“You’re one of the lucky ones,” Alyssa Sage told her client at The Hair Affair in Scottsbluff Tuesday. The color she was applying was one of the few Sage had in stock.
Due to manufacturing and shipping delays, local salon owners and stylists, such as Sage, have faced struggles of keeping product and essential sanitizing supplies in stock since the reopening of salons across the state on May 4.
“We can not get any sanitation supplies with our local distributor,” Sage said.
Tanya Bosche, co-owner and stylist at Indulgence Salon, said she has turned to online platforms to purchase cleaning solution, which have been marked up significantly in price. She emphasized the salon is left with no other alternative.
“I have been showing up at Target’s front door as soon as they open, hoping that I can find Lysol,” she said.
With in-depth sanitizing regulations and requirements in place, salon owners and stylists have been setting aside significant time for the sanitation process, while also struggling to locate and keep cleaning solutions in stock.
Going back to business after weeks of mandated salon closures has been an adjustment, Sage said It has not been terribly difficult adjustment in terms of sanitation practices. Prior to COVID-19 closures, salon sanitation practices for tools and supplies has always been a daily task. Now, it has become an extremely frequent and timely action between clients.
“A 30-minute haircut has turned into an hour, because we need those extra 30 minutes between clients to sanitize all the surfaces and make sure we are keeping ourselves and everyone safe.”
Bosche and Sage alike have recently experienced significantly busy times since health regulations have been eased. They are only accepting clients on a one-on-one basis per stylist, by appointment only.
Sage said she has worked every day since May 4 and working a full schedule, while wearing a mask for her 10- to 13-hour work days has been extremely difficult.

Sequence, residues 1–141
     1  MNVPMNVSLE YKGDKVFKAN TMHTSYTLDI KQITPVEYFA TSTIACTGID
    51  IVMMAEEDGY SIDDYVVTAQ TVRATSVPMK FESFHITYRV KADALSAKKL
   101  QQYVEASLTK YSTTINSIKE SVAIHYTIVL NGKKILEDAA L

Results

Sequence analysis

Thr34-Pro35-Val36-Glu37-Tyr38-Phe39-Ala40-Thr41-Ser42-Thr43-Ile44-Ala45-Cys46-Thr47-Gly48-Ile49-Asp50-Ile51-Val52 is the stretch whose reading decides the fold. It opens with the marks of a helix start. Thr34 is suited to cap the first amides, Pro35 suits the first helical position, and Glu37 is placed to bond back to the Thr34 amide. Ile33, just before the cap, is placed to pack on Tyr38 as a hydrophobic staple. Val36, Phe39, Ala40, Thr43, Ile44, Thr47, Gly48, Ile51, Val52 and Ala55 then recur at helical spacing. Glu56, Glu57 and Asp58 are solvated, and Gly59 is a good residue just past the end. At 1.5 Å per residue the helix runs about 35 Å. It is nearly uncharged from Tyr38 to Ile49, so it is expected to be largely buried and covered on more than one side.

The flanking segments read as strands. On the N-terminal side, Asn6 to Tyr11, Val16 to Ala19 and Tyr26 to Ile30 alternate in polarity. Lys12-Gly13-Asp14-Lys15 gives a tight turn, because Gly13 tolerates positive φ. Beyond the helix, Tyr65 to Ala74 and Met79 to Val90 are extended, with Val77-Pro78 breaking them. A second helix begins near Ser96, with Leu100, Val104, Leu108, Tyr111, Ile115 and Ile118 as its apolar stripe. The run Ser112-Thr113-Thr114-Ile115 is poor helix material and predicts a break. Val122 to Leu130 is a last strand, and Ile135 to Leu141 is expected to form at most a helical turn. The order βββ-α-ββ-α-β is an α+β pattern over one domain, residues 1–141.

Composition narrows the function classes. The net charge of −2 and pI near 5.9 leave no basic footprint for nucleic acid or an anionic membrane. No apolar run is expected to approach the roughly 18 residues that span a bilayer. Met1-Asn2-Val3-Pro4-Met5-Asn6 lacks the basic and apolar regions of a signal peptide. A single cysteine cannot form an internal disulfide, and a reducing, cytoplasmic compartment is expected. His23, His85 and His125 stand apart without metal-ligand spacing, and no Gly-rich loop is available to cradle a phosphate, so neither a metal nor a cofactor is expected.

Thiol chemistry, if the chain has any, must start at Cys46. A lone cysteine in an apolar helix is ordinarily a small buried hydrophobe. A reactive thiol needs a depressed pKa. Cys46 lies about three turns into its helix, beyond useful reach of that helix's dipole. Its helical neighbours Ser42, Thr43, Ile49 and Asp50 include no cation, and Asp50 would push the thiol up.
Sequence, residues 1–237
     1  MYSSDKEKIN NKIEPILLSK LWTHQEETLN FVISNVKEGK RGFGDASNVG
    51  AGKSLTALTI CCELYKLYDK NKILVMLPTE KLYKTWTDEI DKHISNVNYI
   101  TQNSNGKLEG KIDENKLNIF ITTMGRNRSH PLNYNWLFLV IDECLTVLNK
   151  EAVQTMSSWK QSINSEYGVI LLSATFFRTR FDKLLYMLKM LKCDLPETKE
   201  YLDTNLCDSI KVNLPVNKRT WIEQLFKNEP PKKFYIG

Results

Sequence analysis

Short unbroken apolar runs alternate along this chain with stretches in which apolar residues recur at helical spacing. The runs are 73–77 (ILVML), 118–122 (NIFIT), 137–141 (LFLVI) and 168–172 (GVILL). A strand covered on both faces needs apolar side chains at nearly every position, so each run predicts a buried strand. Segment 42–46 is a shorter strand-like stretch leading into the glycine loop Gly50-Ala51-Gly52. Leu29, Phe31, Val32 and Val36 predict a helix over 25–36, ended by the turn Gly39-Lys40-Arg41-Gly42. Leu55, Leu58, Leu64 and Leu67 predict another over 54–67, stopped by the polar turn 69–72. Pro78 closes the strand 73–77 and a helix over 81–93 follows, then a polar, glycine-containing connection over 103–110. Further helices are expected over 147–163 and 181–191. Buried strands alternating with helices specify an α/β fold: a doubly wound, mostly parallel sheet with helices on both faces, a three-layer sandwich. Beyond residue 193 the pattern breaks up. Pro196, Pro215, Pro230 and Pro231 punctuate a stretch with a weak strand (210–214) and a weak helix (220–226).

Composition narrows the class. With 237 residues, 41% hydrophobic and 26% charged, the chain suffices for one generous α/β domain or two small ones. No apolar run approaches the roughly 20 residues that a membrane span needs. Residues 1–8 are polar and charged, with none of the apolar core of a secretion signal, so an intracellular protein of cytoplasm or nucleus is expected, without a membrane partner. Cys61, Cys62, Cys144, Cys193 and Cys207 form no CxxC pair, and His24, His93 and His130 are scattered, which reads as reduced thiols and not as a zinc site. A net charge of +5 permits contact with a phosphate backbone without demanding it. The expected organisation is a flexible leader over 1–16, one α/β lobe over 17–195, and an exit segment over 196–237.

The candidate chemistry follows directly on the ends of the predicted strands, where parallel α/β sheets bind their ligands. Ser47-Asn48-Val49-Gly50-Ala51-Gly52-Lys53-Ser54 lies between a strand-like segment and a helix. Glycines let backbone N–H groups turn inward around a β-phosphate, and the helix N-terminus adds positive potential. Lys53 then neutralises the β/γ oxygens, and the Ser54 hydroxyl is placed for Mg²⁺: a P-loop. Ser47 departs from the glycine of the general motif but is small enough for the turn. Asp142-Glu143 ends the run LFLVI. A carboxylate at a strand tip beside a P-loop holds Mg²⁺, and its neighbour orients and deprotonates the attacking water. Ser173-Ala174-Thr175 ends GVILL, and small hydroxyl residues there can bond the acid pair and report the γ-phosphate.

Regardless of busy times, full schedule books and mask wearing requirements, cosmetologists agree getting back to work has been a relief after a number of weeks of mandated business closures.
“It feels good to go back to work even though we are playing catch up right now and it is difficult breathing in these masks, especially while we are wearing them for 10 to 12 hours a day,” Eli Arellano, stylist at The Hair Affair, said.
All of the stylists placed great importance on themselves and clients wearing masks throughout their appointments. Sage said everyone, including little kids, must be wearing a mask at all times during their haircuts.
“We have been very lucky that we have received mask donations from people in the community, so we can provide masks for our clients who may not have one,” Bosche said, referring to Indulgence Salon.
Both salons have limited their schedules to only clients with appointments. With social distancing rules in place, only allowing one client per stylist in the building at a time, makes it easier for regulations to be adhered to, Sage said. Throughout the process of reopening and returning business back to normal, the stylists agreed, it’s important for the public to be patient and acknowledge the struggles they are facing during this time.
“It is important for us to show we are serious about following these guidelines and establishing our sanitizing rules, for our own safety and the safety of our clients.” Sage said. “The public should know during this time, being patient is important because we are extremely busy, and we can not always get to the phone, especially during an appointment when we can not touch any unnecessary surfaces, including our phones.”
As a stylist and salon owner, Sage said, she has appreciated the understanding from her clients and continues to follow the state of Nebraska COVID-19 guidelines and regulations.